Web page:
WASHINGTON — Senate Democrats signaled support for proposed restrictions on banks' lucrative derivatives trading businesses on Wednesday, making banks increasingly nervous as lawmakers begin final talks on financial overhaul legislation.

Senators huddling on Capitol Hill said Tuesday's victory in the Arkansas primary by Sen. Blanche Lincoln, D-Ark., will bolster her efforts to retain the provision, which could require banks to spin off their swaps businesses into affiliates. Lincoln said she does not plan on backing down on the issue despite the fact her provision is the top target of the nation's largest financial institutions.

"We're going to work hard to keep it in," Lincoln said after coming out of an afternoon meeting in which she was met with loud applause by other senators.

Fellow Democrats said Lincoln's victory in the hotly contested primary vote, which had been in doubt, will increase her presence in negotiations between House and Senate lawmakers over the coming weeks.

"I think it does," Sen. Christopher Dodd, D-Conn., said. "Her hand is strengthened in the process."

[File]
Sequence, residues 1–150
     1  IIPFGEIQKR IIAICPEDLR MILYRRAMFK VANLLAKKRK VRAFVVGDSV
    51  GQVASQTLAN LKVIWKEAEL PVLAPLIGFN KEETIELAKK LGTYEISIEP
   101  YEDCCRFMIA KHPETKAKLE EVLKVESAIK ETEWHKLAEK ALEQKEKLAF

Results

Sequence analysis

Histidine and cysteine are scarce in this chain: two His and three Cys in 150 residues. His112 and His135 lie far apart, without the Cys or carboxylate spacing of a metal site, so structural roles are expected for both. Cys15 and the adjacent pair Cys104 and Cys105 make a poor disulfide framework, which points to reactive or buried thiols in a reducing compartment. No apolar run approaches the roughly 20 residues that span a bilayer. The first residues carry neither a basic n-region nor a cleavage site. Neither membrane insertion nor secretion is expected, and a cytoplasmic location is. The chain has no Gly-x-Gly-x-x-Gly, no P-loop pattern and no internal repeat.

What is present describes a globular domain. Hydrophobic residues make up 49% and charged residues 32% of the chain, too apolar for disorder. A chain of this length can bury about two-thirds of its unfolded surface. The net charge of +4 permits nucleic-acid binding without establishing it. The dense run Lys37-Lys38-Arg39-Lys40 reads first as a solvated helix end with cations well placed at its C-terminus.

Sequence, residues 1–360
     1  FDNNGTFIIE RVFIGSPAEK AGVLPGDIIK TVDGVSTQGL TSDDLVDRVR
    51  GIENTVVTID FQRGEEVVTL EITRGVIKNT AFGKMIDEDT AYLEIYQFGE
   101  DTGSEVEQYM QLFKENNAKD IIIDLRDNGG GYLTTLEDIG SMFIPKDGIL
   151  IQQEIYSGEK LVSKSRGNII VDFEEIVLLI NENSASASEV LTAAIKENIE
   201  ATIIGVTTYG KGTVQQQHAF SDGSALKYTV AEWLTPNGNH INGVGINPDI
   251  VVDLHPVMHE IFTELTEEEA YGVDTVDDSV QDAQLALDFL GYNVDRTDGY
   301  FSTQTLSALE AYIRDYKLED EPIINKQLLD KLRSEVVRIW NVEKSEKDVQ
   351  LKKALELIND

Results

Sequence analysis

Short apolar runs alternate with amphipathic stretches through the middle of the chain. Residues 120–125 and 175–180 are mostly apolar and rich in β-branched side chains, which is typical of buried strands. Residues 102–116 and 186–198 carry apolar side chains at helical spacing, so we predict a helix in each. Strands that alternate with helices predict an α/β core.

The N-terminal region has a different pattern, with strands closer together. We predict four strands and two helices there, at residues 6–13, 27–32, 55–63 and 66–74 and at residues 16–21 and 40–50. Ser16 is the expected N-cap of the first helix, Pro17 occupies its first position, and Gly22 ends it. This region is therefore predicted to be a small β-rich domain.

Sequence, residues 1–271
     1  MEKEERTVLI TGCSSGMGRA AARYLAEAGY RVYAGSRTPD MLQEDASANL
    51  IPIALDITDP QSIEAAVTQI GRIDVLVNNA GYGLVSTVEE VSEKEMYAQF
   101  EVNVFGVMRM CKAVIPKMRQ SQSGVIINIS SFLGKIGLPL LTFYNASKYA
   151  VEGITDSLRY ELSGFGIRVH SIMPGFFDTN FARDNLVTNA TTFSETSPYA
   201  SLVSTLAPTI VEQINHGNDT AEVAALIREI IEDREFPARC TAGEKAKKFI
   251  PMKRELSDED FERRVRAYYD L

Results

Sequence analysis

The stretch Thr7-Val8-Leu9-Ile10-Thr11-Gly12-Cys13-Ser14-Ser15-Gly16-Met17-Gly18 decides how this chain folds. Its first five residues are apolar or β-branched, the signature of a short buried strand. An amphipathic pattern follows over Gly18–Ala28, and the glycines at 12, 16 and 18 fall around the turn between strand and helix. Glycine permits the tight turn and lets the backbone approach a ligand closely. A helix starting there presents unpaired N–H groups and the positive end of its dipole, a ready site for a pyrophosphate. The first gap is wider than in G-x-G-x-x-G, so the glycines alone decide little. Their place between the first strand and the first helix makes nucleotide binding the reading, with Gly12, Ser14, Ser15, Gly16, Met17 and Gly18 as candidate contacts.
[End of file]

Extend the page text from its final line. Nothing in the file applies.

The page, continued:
Sen. Tom Harkin, D-Iowa, who along with Dodd and Lincoln will be among those representing the Senate in talks with the House, warned that there is strong support in the Democratic caucus for Lincoln's proposal, known as 716 for its numerical position in the bill.

"I think there are some of us who are very strong for 716 and don't want to tinker with it. If you change it too much you might lose votes on our side," Harkin told reporters.

The nation's largest banks are lobbying against the restrictions, and for good reason: big banks earned more than $23 billion from derivatives trading last year, according to the Office of the Comptroller of the Currency.

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